05/06/2009, 00.00
PAKISTAN
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Tens of thousands flee as the army faces the Taliban in Swat

At least 40 thousand people have fled the area where sporadic clashes take place. The pact between the government and Islamic extremists appears close to collapse. Today Zardari and Karzai meet Obama. The fight against the Taliban in Pakistan is essential for victory in Afghanistan.
Islamabad (AsiaNews/Agencies) – At least 40 thousand people are fleeing the Swat Valley as it becomes increasingly evident that the agreement between the Taliban and the government is over.  The pact had already been criticised by many in Pakistani society as Islamabad selling out its’ sovereignty to the Islamic extremists. The Pakistani Army accuses the Taliban of having broken the deal by seeking to infiltrate other areas of the nation.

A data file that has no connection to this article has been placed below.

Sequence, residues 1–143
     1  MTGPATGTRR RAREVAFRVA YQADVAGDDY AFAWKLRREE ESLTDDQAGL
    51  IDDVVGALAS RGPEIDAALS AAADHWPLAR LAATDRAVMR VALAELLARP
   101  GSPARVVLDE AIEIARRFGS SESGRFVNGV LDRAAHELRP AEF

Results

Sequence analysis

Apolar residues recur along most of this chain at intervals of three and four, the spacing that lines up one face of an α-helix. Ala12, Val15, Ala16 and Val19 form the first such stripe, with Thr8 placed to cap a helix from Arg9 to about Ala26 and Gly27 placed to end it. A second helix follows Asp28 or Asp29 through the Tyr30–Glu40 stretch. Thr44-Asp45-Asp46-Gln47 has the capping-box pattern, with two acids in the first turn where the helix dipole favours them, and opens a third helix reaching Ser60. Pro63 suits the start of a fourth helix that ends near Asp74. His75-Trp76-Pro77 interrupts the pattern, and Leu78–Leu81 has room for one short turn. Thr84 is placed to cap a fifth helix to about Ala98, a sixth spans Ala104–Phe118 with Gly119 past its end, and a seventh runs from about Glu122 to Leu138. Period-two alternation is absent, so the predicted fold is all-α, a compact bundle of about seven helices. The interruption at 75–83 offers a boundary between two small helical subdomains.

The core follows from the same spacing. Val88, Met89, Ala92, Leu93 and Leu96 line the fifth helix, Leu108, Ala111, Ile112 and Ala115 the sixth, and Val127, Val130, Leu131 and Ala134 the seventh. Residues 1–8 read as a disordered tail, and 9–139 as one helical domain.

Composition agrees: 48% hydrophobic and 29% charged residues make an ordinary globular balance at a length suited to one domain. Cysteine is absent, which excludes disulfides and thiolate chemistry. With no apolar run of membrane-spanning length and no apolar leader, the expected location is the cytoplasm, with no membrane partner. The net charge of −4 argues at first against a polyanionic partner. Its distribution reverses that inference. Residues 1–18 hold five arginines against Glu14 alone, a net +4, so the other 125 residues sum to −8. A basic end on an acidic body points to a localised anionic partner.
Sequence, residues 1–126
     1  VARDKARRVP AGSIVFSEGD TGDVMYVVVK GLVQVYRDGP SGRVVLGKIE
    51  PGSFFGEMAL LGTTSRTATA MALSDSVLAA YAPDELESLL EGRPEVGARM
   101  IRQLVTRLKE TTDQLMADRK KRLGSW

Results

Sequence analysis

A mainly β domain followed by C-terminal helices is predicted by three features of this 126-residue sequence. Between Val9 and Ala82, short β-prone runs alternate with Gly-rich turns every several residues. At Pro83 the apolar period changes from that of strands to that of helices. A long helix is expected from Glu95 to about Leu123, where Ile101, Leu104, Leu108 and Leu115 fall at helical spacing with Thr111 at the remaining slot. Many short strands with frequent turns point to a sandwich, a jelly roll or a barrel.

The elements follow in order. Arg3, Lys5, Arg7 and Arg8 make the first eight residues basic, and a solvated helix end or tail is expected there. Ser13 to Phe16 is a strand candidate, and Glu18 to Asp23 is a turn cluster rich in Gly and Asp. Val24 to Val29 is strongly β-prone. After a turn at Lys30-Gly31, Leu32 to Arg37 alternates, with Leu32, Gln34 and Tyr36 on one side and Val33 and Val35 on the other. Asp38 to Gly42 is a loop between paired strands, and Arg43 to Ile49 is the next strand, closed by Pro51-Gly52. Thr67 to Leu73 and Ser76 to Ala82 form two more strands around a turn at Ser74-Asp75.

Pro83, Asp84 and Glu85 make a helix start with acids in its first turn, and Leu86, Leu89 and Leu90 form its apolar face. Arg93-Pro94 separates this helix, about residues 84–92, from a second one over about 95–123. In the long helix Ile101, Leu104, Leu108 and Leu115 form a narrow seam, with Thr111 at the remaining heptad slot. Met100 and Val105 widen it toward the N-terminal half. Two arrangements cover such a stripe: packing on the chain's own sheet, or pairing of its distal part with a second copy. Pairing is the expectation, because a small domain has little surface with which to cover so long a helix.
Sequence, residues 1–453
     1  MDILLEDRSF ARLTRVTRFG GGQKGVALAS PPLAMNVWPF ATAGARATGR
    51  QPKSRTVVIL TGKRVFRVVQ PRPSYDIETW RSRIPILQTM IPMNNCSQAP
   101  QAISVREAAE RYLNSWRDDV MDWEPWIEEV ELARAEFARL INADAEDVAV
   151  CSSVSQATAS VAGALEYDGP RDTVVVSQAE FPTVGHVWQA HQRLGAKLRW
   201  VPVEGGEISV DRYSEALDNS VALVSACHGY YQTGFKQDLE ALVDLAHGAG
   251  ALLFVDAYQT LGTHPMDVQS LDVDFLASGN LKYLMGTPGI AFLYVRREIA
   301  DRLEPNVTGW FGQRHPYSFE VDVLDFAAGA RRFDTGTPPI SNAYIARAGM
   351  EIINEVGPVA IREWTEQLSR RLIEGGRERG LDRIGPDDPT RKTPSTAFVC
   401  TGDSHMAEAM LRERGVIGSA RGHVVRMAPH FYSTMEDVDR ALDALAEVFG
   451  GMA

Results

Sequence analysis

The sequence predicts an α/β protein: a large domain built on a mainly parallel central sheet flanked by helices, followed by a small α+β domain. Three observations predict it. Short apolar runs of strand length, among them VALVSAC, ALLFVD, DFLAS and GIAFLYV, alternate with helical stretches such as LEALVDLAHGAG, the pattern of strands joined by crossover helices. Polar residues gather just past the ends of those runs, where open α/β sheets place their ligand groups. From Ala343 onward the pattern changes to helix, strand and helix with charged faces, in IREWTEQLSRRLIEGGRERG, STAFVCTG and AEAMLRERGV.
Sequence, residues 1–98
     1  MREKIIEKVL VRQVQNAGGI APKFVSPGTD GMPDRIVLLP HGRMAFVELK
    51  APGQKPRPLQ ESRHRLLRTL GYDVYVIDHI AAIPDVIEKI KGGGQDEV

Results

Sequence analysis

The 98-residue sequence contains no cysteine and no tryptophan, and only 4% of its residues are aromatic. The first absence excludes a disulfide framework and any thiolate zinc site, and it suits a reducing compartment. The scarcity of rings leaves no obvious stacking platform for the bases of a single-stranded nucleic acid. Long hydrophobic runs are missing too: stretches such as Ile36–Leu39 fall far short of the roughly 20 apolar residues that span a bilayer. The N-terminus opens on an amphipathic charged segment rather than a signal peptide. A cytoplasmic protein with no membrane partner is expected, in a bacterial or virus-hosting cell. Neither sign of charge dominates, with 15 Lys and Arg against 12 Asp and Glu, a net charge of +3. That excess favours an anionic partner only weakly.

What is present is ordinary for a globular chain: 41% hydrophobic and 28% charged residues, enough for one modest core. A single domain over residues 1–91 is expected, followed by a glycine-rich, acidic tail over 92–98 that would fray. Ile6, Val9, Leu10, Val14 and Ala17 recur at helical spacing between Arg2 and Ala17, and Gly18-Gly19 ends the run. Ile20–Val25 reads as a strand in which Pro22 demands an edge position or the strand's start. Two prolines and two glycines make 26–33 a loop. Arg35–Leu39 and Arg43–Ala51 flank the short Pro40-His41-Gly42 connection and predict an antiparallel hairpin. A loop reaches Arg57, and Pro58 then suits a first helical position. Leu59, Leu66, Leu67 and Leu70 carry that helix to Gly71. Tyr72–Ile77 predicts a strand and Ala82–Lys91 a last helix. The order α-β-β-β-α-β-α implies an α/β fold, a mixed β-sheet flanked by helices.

Over the past few days the Taliban and army have been clashing in the main regional city Mingora, once a renowned destination for skiers which now lies devastated by two years of Taliban warfare.  Swat’s top official, Khushal Khan, confirms that the radical militants are infiltrating strategic points and mining the territory.  According to authorities 500 thousand people are seeking refuge.  The army is preparing 6 camps to shelter them.

The crisis has worsened on the eve of direct talks between the US President Barak Obama and the Pakistani and Afghan Presidents, Asif Ali Zardari and Hamid Karzai.

Obama is expected to urge Zardari to put a stop to Taliban who are using Pakistan as a base from which to launch their attacks in Afghanistan.  According to US presidential advisor Richard Holbroocke, without Pakistan’s help the United States cannot win the war in Kabul.

The pact between the government of the North West Frontier Province (Nwfp) and the Taliban foresaw the introduction of Sharia the area, as of February 16th last, in exchange for a ceasefire.  On April 13th last Zardari signed a decree validating the deal.  As the Taliban began summary executions for adultery, public lashings for ‘immoral behaviour’, the closure of girls schools and banned women from appearing in public, in public society particularly among women’s groups criticism of Zardari has grown.

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